An Idaho Attorney General’s Office investigation released to the public last week alleges misconduct by an Idaho County jailer, and the sheriff’s office providing a fraudulent agency document to state investigators -- claims that Idaho County Sheriff Doug Giddings says are not the case, and, in fact, are politically motivated.
Of these claims, one part is certain: Idaho Count Deputy Jailer Cliff Jones faces state recommended review of matters raised in the AG report before the Idaho POST (Police Officers Standards and Training) Council where, depending on its findings, his professional certification may be revoked.
No criminal charges are recommended for Jones in the seven-page AG report, authored by deputy attorney general and criminal law division chief Colleen Zahn. The state investigation was initiated in November 2019 by Idaho County Prosecutor Kirk MacGregor, at the request of the Idaho County Commission.
According to an April 30 county commission press release, this action resulted from the commissions’ concern about inconsistencies in Giddings’ office investigating claims of inappropriate actions by Jones in his professional capacity.
In the AG’s findings report to MacGregor, dated April 24, it states Jones engaged in improper conduct during two different traffic interactions – in 2019 and 2017 -- in violation of Idaho Code 18-711 (unlawful exercise of the functions of a peace officer). The report stated the investigation found multiple additional instances where Jones acted beyond the scope of his professional certification. The AG’s office stated it would not pursue felony criminal charges concerning the two incidents, as due to the circumstances of the interactions they are not warranted.
The incidents in question are traffic stops, one conducted on July 11, 2019, and the second in February or March of 2017. The first was a 4 a.m. stop of Ethan Puderbaugh by an unmarked ICSO truck with emergency lights activated as one of Puderbaugh’s headlights was out. Puderbaugh was not asked for any documentation, nor was he cited. The second stop was of Richard Ketola, who while entering an intersection, had a mishap with his foot and instead accelerated, nearly striking an oncoming marked ICSO truck. Jones inquired of Ketola’s welfare, asked whether he had been drinking before stating he was free to leave, according to the report.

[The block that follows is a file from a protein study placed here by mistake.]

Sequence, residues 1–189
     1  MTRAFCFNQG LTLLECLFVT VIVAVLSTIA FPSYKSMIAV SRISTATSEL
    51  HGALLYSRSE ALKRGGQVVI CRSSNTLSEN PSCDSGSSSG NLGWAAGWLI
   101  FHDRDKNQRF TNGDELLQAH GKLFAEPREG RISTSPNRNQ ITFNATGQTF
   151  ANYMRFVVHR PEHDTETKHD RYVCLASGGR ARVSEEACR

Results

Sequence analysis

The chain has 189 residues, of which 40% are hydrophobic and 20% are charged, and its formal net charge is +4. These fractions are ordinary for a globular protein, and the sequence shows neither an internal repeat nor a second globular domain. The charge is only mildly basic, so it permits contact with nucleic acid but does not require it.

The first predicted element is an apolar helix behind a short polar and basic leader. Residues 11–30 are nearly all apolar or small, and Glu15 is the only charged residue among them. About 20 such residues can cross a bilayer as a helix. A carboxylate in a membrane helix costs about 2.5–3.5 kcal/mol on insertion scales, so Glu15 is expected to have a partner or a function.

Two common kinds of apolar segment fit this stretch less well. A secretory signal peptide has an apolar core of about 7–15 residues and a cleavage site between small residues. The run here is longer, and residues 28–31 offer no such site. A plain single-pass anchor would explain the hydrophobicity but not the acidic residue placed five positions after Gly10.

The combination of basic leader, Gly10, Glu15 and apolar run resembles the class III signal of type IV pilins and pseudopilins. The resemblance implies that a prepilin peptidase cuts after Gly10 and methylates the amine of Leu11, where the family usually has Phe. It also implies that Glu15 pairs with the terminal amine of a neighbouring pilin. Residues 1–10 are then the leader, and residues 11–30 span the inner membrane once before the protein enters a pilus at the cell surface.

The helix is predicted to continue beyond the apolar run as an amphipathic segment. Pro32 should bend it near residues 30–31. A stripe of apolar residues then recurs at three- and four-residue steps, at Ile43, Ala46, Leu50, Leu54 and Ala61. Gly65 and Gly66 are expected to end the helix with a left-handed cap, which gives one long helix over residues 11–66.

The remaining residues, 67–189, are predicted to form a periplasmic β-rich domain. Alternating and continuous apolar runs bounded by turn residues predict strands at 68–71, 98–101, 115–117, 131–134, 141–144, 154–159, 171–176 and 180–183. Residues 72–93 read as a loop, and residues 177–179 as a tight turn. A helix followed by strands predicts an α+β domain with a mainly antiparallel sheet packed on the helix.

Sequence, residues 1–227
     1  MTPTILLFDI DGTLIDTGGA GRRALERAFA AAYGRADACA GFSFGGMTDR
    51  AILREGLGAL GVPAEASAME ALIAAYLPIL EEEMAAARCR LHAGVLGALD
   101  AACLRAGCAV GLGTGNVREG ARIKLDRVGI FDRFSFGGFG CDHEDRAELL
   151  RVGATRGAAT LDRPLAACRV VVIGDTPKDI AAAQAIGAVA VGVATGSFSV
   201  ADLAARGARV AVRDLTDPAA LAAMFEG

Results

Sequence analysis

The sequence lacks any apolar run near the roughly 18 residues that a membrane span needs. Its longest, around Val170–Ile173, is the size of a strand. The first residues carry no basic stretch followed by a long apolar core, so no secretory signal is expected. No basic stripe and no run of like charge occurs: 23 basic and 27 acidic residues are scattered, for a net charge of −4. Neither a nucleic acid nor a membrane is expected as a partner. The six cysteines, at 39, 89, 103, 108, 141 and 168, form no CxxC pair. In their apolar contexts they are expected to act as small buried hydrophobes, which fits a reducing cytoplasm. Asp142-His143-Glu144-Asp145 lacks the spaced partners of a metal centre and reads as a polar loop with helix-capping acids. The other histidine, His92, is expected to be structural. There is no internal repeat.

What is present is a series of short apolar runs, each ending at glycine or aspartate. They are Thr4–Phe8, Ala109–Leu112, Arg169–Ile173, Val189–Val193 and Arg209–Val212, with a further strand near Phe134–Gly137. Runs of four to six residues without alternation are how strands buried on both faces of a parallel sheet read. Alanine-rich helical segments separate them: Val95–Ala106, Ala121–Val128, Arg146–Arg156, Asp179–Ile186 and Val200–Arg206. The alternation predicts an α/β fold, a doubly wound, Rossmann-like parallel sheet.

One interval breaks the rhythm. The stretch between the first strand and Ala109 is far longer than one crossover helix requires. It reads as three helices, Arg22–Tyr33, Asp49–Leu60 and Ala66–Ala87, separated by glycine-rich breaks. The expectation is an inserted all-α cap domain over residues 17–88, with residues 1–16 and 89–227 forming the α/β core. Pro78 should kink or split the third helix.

On these, and references to past unrelated incidents raised within the report, the AG office stated – while it declines to charge Jones with any felonies – he repeatedly acted outside of his POST certification and concluded “a referral to POST regarding Deputy Jones’ conduct is appropriate.”
“They say he turned his lights on and stopped them, and I say he did not, in either case, and that’s what my investigation found,” Giddings said.
In the first instance, Giddings said he has video and audio recordings of his deputy questioning Puderbaugh, saying he stopped on his own on seeing the ICSO truck and knowing he had a headlight out. With Ketola, the driver pulled over and stopped, and Jones pulled behind him and turned his lights on, “which would be appropriate,” Giddings said, as a safety procedure for officers on public roadways.
“So, my findings and my determination were the same as theirs; this did not rise to the level of criminal activity, in both cases,” Giddings said, of his completed investigation last fall in comparison with the AG’s subsequent inquiry. “He did not in any way threaten motorists, he did not ask for any ID, he didn’t cite them.”
In the commissions’ statement, “We believe that the Attorney General’s Office conducted a thorough, objective investigation with only one goal in mind – to ascertain whether the allegations against detention deputy Jones were founded. In the course of that investigation, numerous other issues came to light, including the potentially falsified department document.”
Involved in the Puderbaugh stop was the question of the identity of the ICSO truck driver; Puderbaugh identified a person in an ICSO uniform in a description distinctive to Jones, yet in the AG report, Jones stated he denied stopping Puderbaugh. The AG investigation was provided a jail schedule by Giddings showing Jones was not working that July 11; however, the CAD log showed Jones checking into service at approximately 3:30 a.m. that day, CCTV cameras showed Jones walking into the jail at approximately 4:13 a.m., and jail commander Matthew Bybee provided AG investigators the master jail schedule showing Jones was scheduled to work July 11.
“We are significantly concerned about the apparent alteration or destruction of evidence by someone employed in the Idaho County Sheriff’s Office and Sheriff Giddings’ lack of concern regarding the same,” stated the AG report, stating it was unclear whether the sheriff understood he was not providing the master schedule, and “it is unclear who appears to have falsified the jail schedule the sheriff provided.”